The geobr package provides quick and easy access to official spatial data sets of Brazil. The syntax of all geobr functions operate on a simple logic that allows users to easily download a wide variety of data sets with updated geometries and harmonized attributes and geographic projections across geographies and years. This vignette presents a quick intro to geobr.
You can install geobr from CRAN or the development version to use the latest features.
# From CRAN install.packages("geobr") # Development version ::remove.packages('geobr') utils::install_github("ipeaGIT/geobr", subdir = "r-package") devtools
Now let’s load the libraries we’ll use in this vignette.
library(geobr) library(ggplot2) library(sf) library(dplyr)
The geobr package covers 21 spatial data sets, including a variety of political-administrative and statistical areas used in Brazil. You can view what data sets are available using the
# Available data sets <- list_geobr() datasets print(datasets, n=21)
The syntax of all geobr functions operate one the same logic, so the code to download the data becomes intuitive for the user. Here are a few examples.
Download an specific geographic area at a given year
# State of Sergige <- read_state(code_state="SE", year=2018) state # Municipality of Sao Paulo <- read_municipality( code_muni = 3550308, year=2010 ) muni
Download all geographic areas within a state at a given year
# All municipalities in the state of Alagoas <- read_municipality(code_muni= "AL", year=2007) muni # All census tracts in the state of Rio de Janeiro <- read_census_tract(code_tract = "RJ", year = 2010) cntr
If the parameter
code_ is not passed to the function, geobr returns the data for the whole country by default.
<- read_intermediate_region(year=2017) meso <- read_state(year=2019)states
All functions to download polygon data such as states, municipalities etc. have a
simplified argument. When
simplified = FALSE, geobr will return the original data set with high resolution at detailed geographic scale (see documentation). By default, however,
simplified = TRUE and geobr returns data set geometries with simplified borders to improve speed of downloading and plotting the data.
Once you’ve downloaded the data, it is really simple to plot maps using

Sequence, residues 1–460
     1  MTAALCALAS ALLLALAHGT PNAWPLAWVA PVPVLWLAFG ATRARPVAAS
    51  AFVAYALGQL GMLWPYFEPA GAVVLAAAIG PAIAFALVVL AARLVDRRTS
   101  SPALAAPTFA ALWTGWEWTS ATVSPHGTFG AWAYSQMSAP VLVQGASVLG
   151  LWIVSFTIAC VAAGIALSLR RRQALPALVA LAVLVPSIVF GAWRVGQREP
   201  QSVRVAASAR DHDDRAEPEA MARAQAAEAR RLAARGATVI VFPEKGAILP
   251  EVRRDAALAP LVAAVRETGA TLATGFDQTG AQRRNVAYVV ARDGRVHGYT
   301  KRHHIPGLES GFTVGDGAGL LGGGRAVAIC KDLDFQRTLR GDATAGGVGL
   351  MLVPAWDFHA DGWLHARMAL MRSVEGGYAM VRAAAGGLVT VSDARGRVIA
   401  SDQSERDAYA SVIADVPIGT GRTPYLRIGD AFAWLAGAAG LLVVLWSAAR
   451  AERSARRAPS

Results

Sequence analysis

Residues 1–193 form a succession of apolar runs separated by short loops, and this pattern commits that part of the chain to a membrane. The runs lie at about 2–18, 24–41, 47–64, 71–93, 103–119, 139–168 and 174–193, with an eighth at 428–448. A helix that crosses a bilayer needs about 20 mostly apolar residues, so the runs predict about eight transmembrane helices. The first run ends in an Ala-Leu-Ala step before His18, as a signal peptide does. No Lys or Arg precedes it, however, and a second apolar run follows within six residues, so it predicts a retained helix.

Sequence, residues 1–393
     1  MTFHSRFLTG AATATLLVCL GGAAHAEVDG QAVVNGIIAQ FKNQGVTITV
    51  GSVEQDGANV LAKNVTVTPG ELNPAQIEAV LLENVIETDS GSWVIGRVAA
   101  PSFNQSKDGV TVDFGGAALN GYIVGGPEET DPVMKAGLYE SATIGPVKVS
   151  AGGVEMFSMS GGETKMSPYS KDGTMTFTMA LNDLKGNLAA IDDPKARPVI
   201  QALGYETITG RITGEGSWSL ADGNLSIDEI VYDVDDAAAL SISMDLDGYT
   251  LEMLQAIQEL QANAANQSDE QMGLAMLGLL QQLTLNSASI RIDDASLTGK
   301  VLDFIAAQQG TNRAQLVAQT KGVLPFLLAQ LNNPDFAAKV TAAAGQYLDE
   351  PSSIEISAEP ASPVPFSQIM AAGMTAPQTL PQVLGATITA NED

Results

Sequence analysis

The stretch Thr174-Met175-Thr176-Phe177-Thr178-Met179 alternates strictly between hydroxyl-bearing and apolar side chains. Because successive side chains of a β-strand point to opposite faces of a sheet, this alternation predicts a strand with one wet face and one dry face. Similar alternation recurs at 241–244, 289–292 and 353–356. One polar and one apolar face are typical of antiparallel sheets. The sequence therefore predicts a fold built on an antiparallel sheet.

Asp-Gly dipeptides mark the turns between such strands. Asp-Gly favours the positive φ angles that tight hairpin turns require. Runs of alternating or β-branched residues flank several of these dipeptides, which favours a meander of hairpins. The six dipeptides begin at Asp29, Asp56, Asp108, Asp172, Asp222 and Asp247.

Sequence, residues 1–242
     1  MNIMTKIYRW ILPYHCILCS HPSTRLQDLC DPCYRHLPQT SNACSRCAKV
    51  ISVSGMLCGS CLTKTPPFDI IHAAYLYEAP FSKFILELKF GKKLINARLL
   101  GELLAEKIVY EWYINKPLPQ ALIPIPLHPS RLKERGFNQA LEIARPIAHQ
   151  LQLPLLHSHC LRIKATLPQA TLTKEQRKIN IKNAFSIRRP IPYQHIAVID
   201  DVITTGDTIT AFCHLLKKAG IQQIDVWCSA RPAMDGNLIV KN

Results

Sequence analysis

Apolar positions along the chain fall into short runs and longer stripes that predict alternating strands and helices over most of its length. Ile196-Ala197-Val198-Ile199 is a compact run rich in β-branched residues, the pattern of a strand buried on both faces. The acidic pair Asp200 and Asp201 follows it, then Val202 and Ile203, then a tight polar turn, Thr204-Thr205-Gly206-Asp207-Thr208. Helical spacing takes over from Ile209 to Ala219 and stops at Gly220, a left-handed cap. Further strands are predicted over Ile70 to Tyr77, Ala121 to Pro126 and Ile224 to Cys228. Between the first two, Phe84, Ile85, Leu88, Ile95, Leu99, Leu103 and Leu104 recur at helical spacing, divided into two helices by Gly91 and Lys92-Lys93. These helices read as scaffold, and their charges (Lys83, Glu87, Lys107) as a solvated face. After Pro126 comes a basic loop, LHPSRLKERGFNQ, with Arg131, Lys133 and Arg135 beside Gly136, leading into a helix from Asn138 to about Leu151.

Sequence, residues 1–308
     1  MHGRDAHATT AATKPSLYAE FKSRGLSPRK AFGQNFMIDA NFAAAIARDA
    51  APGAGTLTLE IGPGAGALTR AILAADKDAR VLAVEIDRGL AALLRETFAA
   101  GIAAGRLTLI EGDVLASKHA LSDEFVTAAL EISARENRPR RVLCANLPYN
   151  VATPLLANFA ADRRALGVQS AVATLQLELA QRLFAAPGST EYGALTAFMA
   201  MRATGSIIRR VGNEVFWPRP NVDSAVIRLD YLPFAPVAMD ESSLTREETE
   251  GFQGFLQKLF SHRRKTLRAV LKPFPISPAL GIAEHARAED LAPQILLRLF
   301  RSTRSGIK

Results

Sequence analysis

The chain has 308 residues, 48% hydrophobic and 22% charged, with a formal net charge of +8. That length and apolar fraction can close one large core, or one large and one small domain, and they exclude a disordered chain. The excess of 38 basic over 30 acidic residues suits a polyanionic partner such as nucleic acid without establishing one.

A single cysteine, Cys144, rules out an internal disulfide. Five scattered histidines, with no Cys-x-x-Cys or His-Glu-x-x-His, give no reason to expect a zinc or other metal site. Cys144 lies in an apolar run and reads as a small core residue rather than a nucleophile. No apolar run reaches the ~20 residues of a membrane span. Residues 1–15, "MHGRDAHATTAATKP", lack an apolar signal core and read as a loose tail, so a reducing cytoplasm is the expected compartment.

# Remove plot axis <- theme(axis.title=element_blank(), no_axis axis.text=element_blank(), axis.ticks=element_blank()) # Plot all Brazilian states ggplot() + geom_sf(data=states, fill="#2D3E50", color="#FEBF57", size=.15, show.legend = FALSE) + labs(subtitle="States", size=8) + theme_minimal() + no_axis
Plot all the municipalities of a particular state, such as Rio de Janeiro:
library(ggplot2) # Download all municipalities of Rio <- read_municipality( code_muni = "RJ", year= 2010) all_muni # plot ggplot() + geom_sf(data=all_muni, fill="#2D3E50", color="#FEBF57", size=.15, show.legend = FALSE) + labs(subtitle="Municipalities of Rio de Janeiro, 2000", size=8) + theme_minimal() + no_axis
The next step is to combine data from geobr package with other data sets to create thematic maps. In this example, we will be using data from the (Atlas of Human Development (a project of our colleagues at Ipea))[https://atlasbrasil.org.br/] to create a choropleth map showing the spatial variation of Life Expectancy at birth across Brazilian states.
First, we need a
data.frame with estimates of Life Expectancy and merge it to our spatial database. The two-digit abbreviation of state name is our key column to join these two databases.
# Read data.frame with life expectancy data <- utils::read.csv(system.file("extdata/br_states_lifexpect2017.csv", package = "geobr"), encoding = "UTF-8") df $name_state <- tolower(states$name_state) states$uf <- tolower(df$uf) df # join the databases <- dplyr::left_join(states, df, by = c("name_state" = "uf"))states
ggplot() + geom_sf(data=states, aes(fill=ESPVIDA2017), color= NA, size=.15) + labs(subtitle="Life Expectancy at birth, Brazilian States, 2014", size=8) + scale_fill_distiller(palette = "Blues", name="Life Expectancy", limits = c(65,80)) + theme_minimal() + no_axis